55. The computer program product of claim 37, further comprising instructions to:
align the border of each tile to physical boundaries of pixels in an output device space to make each tile include only pixels of the output device space that are wholly within the tile.
56. A computer program product for processing a computer graphics illustration, comprising instructions operable to cause a programmable processor to:
provide, without regard to the overlapping objects, tiles having boundaries that overlap by an amount corresponding to at least one pixel in a device space, the tiles covering at least a region of the computer graphics illustration that includes overlapping objects;
supply a clipping path corresponding to the boundary of each tile;
process the objects surrounded by each clipping path to produce a vector output;
define an alignment tool to be passed as a part of a stream to an output device, the alignment tool being operable to instruct the output device to align each clipping path to physical boundaries of pixels in the output device space to make each tile include only pixels of the output device space that are wholly within the tile; and
provide the tool and the vector output as a stream to the output device.
57. The computer program product of claim 56, wherein the stream to the output device is a Postscript™ stream.
58. The computer program product of claim 56, wherein at least one of the overlapping objects is transparent and the instructions to process comprises instructions to:
convert the objects in each tile to an opaque flattened vector output representing a tiled region of the computer graphics illustration.
59. The computer program product of claim 56, wherein the instructions to provide tiles having overlapping boundaries comprises instructions to:
provide a plurality of the tiles having a same shape.
60. The computer program product of claim 56, wherein the instructions to provide tiles having overlapping boundaries comprises instructions to:
provide a plurality of the tiles having a same size.
61. The computer program product of claim 56, wherein the instructions to provide tiles having overlapping boundaries comprises instructions to:
provide a grid of adjacent, non-overlapping tiles; and
expand the boundaries of one or more tiles in the grid in a direction such that the boundaries of the tiles overlap.
62. The computer program product of claim 56, wherein the instructions to provide tiles having overlapping boundaries comprises instructions to:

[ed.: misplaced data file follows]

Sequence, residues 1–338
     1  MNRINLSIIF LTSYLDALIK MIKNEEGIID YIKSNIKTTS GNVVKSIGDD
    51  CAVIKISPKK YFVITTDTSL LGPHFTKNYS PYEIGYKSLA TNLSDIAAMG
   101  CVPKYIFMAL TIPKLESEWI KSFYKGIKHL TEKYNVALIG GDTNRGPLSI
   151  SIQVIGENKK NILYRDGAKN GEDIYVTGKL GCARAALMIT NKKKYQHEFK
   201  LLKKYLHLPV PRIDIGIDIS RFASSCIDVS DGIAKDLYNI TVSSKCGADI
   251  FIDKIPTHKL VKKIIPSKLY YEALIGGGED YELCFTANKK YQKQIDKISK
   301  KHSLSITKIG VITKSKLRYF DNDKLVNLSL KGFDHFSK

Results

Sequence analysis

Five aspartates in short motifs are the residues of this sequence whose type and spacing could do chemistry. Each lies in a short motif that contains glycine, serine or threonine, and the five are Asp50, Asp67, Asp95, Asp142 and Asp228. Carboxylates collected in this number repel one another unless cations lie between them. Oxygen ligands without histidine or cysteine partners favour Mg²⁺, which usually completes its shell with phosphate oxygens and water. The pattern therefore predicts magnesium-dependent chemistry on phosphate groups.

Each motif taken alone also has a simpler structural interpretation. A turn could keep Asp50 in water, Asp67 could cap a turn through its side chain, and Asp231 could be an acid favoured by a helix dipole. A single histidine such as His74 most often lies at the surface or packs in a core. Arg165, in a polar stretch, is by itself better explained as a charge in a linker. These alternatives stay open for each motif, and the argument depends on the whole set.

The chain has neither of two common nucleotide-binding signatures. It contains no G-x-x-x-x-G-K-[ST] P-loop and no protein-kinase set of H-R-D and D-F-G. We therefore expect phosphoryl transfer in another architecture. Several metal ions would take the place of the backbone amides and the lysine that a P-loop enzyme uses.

provide a grid of adjacent, non-overlapping tiles; and
expand the boundaries of one or more tiles in the grid in a horizontal direction such that the boundaries of the tiles overlap.
63. The computer program product of claim 56, wherein the instructions to provide tiles having overlapping boundaries comprises instructions to:
provide a grid of adjacent, non-overlapping tiles; and
expand the boundaries of one or more tiles in the grid in a vertical direction such that the boundaries of the tiles overlap.
64. The computer program product of claim 56, further comprising instructions to:
select the size of the tiles based on an available amount of memory for processing the tiles.
65. The computer program product of claim 64, further comprising instructions to:
determine if the available amount of memory for processing the tiles will be exceeded; and
divide one or more of the tiles into smaller tiles with overlapping boundaries if the determination indicates that the available amount of memory for processing the tiles will be exceeded.
66. The computer program product of claim 65, further comprising instructions to:
repeat the dividing step until a size of each tile is such that the available amount of memory for processing each file will not be exceeded.
67. The computer program product of claim 64, further comprising instructions to:
select the size of the tiles based on a number of objects in a tile.
68. The computer program product of claim 67, further comprising instructions to:
determine if the number of objects in the tile exceeds a threshold value; and